Lawn Care Forum banner
1 - 12 of 12 Posts

·
Registered
Joined
·
37 Posts
Discussion Starter · #1 ·
I am all over the map on my pricing and want to try to structure it in a way that I am consistent.

Here is what I am thinking

Labor Rate:
$450/day crew leader
$300/day crew member

$750 gross/day

for example if a lawn takes me an hour to unload truck, cut , trim and blow and reload truck - i would take my $750 gross divide by 7 hours and than multiply by the time

in this case monthly maintenance would be $428/month

Materials - marking up my cost by 50%

Rental equipment- aerators, slice seeders etc... marking up cost by 50%
 

·
Registered
Joined
·
1,153 Posts
I don't understand what your doing with the crew leader & crew member pay.... Pay them an hourly rate. Also, the general rule of thumb for mowing USED TO BE to price lawns at $60.00 an hour. (With a $30-35 minimum) One person should be able to gross $400 or so a day. Sometimes more or less. Two people, $650-700.
 

·
Registered
Joined
·
854 Posts
What he's saying makes sense, he wants to be able to bill out $300 for the work that his helper would do for the day, not pay them that much. Seems on target to me, although there are some days and parts of my route that I average way above those numbers.
 

·
Registered
Joined
·
37 Posts
Discussion Starter · #9 ·
what I have realized thru this exercise is that my break even amount per day is 268. dollars. 6 days a week for 8 months. covers all of my overhead for 12 months.

I didn't include snow plowing in this amount, but gas, maintencae insurance and truck is.
 

·
Registered
Joined
·
330 Posts
Rsails, I want to commend you on putting some thought into this, your pricing structure looks like a reasonable formula, if you are proficient in estimating time and materials required for jobs.

Keep in mind that there are two different types of expenses:
Fixed expenses - Expenses that will be the same each month no matter how much you work - such as licensing, ins, truck/equipment payments, etc. These expenses (if figure as an hourly expense) will go down as you work more hours (and vice-versa) example - If insurance cost $100 per month and you work 10 hours, then insurance cost you $10 per hour. If you work 100hrs then insurance would cost you $1 per hr.

Variable expense (cost of operation) - This is what it cost you to run day to day operations. Things included here are Fuel/maint. of trucks/equipment, payroll, materials etc. These expenses are determined by the number of hours worked or the number of hours that piece of equipment is operated. So if fuel and maint. on a mower costs $10 per hour and you run for 10 hours or 100 hours, the cost is still $10 per hr.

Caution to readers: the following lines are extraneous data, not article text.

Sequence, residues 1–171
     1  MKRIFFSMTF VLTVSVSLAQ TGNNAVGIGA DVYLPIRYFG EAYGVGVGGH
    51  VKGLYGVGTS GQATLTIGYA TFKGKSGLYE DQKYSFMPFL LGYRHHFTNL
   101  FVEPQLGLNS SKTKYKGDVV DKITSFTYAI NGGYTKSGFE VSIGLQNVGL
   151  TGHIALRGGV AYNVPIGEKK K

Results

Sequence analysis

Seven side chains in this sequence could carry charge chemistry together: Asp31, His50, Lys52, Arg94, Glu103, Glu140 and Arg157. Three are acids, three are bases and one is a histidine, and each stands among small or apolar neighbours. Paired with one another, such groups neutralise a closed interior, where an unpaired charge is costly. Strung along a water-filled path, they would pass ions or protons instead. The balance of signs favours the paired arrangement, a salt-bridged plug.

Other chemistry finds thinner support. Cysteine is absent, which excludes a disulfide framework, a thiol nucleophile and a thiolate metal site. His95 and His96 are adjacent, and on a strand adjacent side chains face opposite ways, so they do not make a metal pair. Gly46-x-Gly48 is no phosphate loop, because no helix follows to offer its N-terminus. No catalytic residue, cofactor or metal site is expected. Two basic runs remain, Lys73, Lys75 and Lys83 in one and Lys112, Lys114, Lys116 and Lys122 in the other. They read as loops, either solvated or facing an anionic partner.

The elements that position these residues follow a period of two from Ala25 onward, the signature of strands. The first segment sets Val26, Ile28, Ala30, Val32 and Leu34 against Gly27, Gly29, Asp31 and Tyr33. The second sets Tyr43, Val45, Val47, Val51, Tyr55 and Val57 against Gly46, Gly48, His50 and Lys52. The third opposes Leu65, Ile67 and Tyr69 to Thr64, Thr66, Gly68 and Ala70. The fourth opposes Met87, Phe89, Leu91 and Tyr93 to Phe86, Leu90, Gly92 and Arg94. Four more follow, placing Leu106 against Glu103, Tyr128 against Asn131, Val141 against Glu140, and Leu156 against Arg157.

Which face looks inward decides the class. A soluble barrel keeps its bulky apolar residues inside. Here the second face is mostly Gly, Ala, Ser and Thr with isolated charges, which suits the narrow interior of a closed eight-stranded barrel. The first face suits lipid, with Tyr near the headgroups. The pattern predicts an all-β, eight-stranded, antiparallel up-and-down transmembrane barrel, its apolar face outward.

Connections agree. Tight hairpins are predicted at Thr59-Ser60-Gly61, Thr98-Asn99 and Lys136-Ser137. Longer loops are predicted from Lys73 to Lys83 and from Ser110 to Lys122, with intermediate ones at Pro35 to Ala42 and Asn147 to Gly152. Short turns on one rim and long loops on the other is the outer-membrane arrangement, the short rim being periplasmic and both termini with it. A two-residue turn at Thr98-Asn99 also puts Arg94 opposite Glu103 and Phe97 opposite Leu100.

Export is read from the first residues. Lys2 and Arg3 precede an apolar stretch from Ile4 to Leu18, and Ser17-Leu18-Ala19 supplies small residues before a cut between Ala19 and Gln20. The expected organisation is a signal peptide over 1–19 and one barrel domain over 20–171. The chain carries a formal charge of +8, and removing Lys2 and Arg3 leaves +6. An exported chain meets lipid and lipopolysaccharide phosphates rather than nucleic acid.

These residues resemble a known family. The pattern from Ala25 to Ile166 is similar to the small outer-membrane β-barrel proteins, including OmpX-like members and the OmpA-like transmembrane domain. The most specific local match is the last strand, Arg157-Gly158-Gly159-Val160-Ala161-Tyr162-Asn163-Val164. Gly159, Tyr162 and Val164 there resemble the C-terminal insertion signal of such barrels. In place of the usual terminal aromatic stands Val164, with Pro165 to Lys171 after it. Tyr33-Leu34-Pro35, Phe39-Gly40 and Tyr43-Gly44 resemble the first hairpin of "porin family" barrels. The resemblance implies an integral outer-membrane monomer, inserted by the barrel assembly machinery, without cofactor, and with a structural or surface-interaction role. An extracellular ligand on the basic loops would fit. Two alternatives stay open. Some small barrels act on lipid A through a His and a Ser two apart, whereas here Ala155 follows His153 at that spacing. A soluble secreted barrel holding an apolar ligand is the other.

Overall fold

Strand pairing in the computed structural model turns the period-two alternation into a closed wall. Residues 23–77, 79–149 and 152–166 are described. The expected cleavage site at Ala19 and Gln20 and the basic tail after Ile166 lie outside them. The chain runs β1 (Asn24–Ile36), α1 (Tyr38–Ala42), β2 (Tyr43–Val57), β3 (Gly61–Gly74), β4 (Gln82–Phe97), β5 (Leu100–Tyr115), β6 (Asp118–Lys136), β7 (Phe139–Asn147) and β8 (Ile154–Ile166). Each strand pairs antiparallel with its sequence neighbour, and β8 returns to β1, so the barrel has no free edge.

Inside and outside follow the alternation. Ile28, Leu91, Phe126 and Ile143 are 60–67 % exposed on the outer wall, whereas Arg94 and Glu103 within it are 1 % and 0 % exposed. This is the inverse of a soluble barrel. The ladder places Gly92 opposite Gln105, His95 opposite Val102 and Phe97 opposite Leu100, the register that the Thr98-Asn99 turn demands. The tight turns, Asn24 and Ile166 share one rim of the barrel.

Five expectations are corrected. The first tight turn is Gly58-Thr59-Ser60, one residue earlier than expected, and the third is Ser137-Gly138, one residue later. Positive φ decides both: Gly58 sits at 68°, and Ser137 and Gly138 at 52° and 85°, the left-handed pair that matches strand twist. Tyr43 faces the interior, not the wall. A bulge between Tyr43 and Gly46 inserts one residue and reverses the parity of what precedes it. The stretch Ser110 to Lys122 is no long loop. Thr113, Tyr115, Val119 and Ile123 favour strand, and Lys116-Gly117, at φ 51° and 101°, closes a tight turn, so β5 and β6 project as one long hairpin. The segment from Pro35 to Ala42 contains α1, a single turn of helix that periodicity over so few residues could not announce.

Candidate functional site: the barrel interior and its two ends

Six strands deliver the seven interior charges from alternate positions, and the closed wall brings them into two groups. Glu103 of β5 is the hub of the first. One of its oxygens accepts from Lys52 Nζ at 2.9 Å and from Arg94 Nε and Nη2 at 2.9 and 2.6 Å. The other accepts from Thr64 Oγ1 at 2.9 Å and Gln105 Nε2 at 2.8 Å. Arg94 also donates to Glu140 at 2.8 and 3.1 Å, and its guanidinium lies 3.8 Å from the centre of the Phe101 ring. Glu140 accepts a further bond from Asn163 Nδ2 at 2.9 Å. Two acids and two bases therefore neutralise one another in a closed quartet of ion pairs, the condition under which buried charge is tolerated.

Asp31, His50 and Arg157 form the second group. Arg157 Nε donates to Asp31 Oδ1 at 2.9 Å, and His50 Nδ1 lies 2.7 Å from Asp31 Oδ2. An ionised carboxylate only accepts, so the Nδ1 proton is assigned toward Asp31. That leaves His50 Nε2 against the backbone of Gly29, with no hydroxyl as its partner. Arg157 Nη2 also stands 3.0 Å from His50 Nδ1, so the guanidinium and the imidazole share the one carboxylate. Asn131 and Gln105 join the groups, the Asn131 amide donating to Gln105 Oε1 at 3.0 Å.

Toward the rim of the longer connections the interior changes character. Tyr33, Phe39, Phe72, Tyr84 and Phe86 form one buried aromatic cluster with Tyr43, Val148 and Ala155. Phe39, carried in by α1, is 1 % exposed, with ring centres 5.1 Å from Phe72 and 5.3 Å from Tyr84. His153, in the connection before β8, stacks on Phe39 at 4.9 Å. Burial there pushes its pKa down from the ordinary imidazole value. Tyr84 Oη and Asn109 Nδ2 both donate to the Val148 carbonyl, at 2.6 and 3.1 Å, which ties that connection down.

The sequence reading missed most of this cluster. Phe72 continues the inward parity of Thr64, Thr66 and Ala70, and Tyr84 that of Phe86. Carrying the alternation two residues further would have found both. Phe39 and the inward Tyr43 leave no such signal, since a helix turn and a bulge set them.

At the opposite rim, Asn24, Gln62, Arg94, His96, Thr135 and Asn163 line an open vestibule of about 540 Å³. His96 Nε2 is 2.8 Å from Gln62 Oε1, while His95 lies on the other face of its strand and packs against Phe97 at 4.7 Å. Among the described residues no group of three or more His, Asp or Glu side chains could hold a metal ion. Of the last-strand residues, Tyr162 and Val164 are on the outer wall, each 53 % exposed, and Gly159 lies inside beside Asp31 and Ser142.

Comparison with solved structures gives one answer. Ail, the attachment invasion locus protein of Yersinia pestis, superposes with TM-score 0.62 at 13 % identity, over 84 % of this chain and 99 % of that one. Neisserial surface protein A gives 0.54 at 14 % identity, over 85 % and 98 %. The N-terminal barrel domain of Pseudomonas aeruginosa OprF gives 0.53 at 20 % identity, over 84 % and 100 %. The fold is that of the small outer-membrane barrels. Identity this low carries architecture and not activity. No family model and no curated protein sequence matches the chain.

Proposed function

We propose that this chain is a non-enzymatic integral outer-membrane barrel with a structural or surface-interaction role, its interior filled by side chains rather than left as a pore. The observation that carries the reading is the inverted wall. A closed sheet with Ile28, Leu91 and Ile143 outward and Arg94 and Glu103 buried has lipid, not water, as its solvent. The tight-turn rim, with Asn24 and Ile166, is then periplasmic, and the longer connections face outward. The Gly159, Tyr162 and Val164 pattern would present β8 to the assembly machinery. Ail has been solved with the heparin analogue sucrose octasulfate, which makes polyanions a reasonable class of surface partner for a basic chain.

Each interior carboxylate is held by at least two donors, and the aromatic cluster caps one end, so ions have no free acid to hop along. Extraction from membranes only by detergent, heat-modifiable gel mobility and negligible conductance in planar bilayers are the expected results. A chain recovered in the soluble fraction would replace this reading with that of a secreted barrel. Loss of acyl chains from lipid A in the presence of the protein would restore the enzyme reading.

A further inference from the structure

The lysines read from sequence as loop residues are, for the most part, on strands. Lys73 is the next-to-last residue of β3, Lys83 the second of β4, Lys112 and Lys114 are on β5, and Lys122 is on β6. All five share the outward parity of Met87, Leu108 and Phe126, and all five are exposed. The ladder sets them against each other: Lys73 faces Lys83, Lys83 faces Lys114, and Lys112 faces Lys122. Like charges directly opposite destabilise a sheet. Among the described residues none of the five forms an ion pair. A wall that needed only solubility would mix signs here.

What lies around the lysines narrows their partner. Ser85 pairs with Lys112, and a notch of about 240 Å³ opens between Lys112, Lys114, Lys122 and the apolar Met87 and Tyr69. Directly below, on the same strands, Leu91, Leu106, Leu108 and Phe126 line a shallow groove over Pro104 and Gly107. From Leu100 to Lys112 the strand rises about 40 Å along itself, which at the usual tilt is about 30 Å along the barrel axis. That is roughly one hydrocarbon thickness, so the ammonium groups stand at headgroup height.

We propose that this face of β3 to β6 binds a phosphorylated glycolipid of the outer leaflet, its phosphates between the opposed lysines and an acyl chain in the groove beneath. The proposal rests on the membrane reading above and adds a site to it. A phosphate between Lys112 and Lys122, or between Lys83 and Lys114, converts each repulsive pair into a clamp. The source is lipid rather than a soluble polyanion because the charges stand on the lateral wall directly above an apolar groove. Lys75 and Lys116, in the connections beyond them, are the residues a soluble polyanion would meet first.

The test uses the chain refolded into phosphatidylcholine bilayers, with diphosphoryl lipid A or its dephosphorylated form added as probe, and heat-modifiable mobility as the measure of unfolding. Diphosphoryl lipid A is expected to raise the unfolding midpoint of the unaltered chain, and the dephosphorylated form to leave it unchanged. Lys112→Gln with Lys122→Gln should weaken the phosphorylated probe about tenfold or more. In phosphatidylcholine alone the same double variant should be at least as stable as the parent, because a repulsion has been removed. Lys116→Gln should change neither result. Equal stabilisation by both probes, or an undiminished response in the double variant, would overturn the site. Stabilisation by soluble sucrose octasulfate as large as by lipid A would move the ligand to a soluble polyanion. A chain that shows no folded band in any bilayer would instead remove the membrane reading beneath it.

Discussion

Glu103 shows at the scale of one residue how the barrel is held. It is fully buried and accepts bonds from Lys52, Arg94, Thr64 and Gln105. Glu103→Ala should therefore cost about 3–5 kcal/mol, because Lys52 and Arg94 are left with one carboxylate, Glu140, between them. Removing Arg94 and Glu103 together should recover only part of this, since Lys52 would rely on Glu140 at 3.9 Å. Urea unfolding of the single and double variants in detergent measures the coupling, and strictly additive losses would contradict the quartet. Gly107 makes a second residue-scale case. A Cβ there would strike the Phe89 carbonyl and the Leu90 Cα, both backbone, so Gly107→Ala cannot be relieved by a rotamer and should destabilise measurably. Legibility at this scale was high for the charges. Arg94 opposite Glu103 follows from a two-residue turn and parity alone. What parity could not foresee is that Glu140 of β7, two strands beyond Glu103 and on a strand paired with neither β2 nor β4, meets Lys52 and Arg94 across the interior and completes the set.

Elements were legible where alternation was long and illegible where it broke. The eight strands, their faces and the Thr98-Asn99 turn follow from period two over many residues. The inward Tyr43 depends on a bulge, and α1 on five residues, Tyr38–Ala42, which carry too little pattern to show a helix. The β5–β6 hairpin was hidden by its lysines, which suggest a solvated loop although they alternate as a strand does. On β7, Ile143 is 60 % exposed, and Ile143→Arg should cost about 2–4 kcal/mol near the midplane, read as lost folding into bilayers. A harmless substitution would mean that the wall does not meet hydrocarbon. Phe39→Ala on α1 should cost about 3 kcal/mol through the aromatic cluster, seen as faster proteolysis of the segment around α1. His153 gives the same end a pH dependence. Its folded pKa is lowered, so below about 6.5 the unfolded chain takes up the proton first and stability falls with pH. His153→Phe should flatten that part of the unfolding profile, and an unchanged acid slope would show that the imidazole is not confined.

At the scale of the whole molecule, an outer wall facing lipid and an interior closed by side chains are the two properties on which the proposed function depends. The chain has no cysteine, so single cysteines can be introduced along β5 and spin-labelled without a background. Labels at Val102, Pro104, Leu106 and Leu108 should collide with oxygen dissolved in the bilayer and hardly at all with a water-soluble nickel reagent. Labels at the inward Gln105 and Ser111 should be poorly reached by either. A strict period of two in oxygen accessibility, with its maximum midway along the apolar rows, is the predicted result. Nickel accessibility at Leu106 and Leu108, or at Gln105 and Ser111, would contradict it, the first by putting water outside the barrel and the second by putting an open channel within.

Keep these things in mind when you are doing your pricing. What I have done is figure my yearly fixed expenses and divided by 26 (the amount of weeks that i mow) Example would be if my yearly fixed expenses were $10k; then 10k/26=$384.62 per week throughout mowing season.

Then I figure what I make on avg. for each property (gross - hourly cost of operation) example - if property A is charged $60 takes 60 min to complete, if my operating expenses are $10 per hour then I have $50 gross minus hrly. cost of operation. I then take the avg. of these accounts and assign the income from however many hours are needed to cover fixed expenses. So if I avg. $45 an hour after my hrly costs then I would need approximately 384.62/45=8.55hrs per week to cover my fixed expenses.

This way all of my expenses are covered by scheduled mowing accounts. Anything other services in outside of this can be priced solely on cost of materials and hourly cost of operation, i.e. if I aerate a lawn, it takes 1hr to complete, the hrly costs are $12hr rental (I always charge the customer for equipment @ rental cost + 10% whether it is my equipment or rented) plus $4 fuel = $16per hour. So in this case I could take $16+$45 (my avg per hr. above, you could make this whatever you would like to make per hour on the job) and charge the customer $61, knowing that I will profit $45 from the job.

****The #'s used are just examples used for clarification, and do not in any way shape or for reflect the costs or income of my business, nor are they suggested numbers for anyone else's business.****
 
1 - 12 of 12 Posts
This is an older thread, you may not receive a response, and could be reviving an old thread. Please consider creating a new thread.
Top